The Ginkaku-ji temple is in the north east Higashiyama district of Kyoto, which means it’s nestled into the eastern hills at the northern end of the Philosophers path. As we were staying at the Hotel Granvia in Kyoto station on this trip and the station is about a 7.5km walk from the temple so we caught the bus from the depot out the front directly to the temple and then made our way back in the direction of the hotel via the Philosophers path.
We rarely use taxi’s in Japan unless we’re dealing with luggage and while buses aren’t my favourite mode of local transport they are easy enough to navigate and the subway just isn’t a convenient option to use to get to some of Kyoto’s highlights. We jumped on the Raku 100 bus which is one of the loop buses around Kyoto, the benefit of getting these once or twice early in your trip is that they are aimed at visitors to the city and the announcements are in English so you can quickly get a feel for your way around. Local buses 3 or 5 will also get you there. I think it took around 40 minutes so it’s not a quick trip for the relatively short distance but it only costs a flat Y230 to go anywhere on the route.
From the bus stop you walk past the usual street of shops and food stalls at the start of the philosophers path and leading up to the temple. If you’re a lover of street food you might want to grab a snack and sit down as we did under the sakura trees to eat it before continuing on to the temple. Japan isn’t big on street food like most of the rest of Asia is but what they do have is generally delicious.
Ginkaku-ji was built in 1482 by the Shogun Ashikaga Yoshimasa as his rural home and was modeled on the style of his Grandfathers villa Kinkaku-ju (the Golden Pavilion) at the foot of Kyotos northern mountains. It wasn’t until after Ashikagas death in 1490 that Ginkaku-ji became a Zen Buddhist temple in line with his final wishes.
Ashikaga Yoshimasa isn’t remembered as a great Shogun and ruler, in fact his rule is generally referenced in the literature as being weak and contributing to a period of significant unrest in Japans history. He was however a great lover of the arts and his gift to Japan is perhaps better appreciated today than it would have been at the time. The Higashiyama culture fostered through the temple after his death was for the people not just the aristocracy. It was a time when many of the arts we associate with Japan were developed and fine tuned, the tea ceremony, noh theatre, ikebana flower arranging, exquisite garden design and architecture.
When you arrive at the temple you enter through a modest traditional wooden gate then follow a path lined with a tall hedge on either side that feels more European in style than Japanese. The area is almost like a palate cleanser so that when you exit the hedged path two uniquely Japanese art forms strike you with their full force, the silver pavilion and the exceptional attention to detail in the expansive and perfectly maintained sand gardens.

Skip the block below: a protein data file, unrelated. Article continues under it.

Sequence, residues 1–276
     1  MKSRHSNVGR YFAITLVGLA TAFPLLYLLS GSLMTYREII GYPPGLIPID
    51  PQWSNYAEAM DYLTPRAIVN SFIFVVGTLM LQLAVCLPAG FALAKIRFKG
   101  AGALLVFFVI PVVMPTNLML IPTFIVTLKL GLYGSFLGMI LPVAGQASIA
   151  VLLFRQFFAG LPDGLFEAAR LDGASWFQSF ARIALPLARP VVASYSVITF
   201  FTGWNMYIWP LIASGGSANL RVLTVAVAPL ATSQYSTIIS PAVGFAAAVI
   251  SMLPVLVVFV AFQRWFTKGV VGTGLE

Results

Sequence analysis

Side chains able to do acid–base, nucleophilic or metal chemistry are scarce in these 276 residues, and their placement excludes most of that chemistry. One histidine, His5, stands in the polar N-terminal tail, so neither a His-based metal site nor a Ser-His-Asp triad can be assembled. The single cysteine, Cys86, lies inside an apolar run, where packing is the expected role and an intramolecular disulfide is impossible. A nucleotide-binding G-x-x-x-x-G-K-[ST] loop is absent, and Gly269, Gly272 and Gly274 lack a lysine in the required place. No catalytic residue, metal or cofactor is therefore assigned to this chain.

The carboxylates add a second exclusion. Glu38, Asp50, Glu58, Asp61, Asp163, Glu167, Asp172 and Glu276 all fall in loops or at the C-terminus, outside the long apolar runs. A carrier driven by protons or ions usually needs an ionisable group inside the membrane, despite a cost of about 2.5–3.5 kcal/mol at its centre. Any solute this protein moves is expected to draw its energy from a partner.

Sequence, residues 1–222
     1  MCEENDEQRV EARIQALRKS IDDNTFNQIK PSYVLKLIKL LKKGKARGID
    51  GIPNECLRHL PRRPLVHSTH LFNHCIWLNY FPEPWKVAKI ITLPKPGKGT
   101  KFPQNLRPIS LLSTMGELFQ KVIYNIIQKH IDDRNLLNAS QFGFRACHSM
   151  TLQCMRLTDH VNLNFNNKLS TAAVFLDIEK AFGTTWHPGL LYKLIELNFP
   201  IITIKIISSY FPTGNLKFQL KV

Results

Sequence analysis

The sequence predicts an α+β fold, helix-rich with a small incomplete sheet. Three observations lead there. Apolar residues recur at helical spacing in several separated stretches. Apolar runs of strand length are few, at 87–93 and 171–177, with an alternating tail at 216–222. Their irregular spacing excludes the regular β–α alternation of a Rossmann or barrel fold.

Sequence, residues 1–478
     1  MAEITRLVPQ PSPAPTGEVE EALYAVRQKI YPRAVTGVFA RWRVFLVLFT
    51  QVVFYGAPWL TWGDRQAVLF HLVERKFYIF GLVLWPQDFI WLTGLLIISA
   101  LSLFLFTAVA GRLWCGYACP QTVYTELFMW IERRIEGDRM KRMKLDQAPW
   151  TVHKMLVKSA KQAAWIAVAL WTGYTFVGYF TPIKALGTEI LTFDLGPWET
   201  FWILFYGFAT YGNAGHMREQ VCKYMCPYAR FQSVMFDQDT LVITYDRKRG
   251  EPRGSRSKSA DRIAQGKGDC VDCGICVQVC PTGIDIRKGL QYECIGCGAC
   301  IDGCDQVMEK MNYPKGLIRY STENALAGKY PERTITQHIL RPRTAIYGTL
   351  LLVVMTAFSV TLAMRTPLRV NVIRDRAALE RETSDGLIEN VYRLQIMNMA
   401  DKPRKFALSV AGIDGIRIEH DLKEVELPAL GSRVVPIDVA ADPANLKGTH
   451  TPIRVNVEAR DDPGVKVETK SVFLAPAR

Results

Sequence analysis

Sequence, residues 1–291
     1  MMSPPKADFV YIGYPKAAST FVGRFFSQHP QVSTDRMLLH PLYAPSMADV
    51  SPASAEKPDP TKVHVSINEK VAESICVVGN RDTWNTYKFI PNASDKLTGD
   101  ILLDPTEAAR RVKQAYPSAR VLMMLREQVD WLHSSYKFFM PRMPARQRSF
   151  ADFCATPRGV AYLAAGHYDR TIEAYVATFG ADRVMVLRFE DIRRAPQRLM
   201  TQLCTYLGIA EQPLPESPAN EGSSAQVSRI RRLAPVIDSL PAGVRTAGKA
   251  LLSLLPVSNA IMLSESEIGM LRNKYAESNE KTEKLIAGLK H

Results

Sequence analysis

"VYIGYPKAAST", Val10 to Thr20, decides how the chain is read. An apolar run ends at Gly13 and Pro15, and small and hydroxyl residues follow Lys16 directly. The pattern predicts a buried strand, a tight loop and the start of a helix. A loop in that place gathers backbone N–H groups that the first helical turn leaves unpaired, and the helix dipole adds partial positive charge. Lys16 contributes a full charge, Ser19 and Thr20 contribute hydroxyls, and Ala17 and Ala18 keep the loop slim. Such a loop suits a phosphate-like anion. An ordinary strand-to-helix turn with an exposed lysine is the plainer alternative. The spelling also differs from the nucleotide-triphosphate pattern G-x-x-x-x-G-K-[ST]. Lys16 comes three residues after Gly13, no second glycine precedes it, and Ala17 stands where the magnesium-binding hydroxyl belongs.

Two buildings in the Ginkaku-ji complex today date back to the original build. The first is the silver pavilion itself which is known as Kannondon or the Kannon Hall. It’s two levels follow two different architectural styles and inside it houses a Kannon statue, the goddess of mercy. Despite its name the silver pavilion has never been silver clad and possibly it was never intended to be, the name originated significantly later and may have been intended to both differentiate it from and align it to Kinkaku-ji. While the golden pavilion is unique and striking, the aged wood of Ginkaku-ji is definitely more in keeping with the simple and classic aesthetic that Higashiyama culture has become synonymous with. The silver pavilion embodies the Japanese concept of wabi – sabi; the beauty of the ever-changing and impermanent nature of all things.
The second original building is the Togudo that you see here in the right of this photo. It’s a smaller building and contains a study room 4.5 tatami mats in size which is a traditional Japanese measure equating to around 4 square metres. This is one of the oldest examples of Shoin architecture still existing and is the style predominantly in use today for tatami matted rooms.
The gardens and vistas from the hillside over the complex are beautiful but it’s the sand gardens that most stood out to me. The sand garden is called the Ginshadan which means the sea of silver sands, it’s beautifully maintained and really sets off the buildings, lake and gardens.
A few people have said to me that the ‘silver pavilion’ was a disappointment given that it’s not actually silver but personally it was a garden and temple that I really enjoyed in Kyoto. This was our starting point for the day, from here we walked back south along the Philosophers path, exclaiming over the beauty of the sakura blooms and exploring the shops and temples along the way. There were a few other gems along this trail that you don’t want to miss so I’ll cover those in a subsequent post.
Please leave a message in the comments if you’ve been to Ginkaku-ji in Kyoto and tell us what your thought on it are.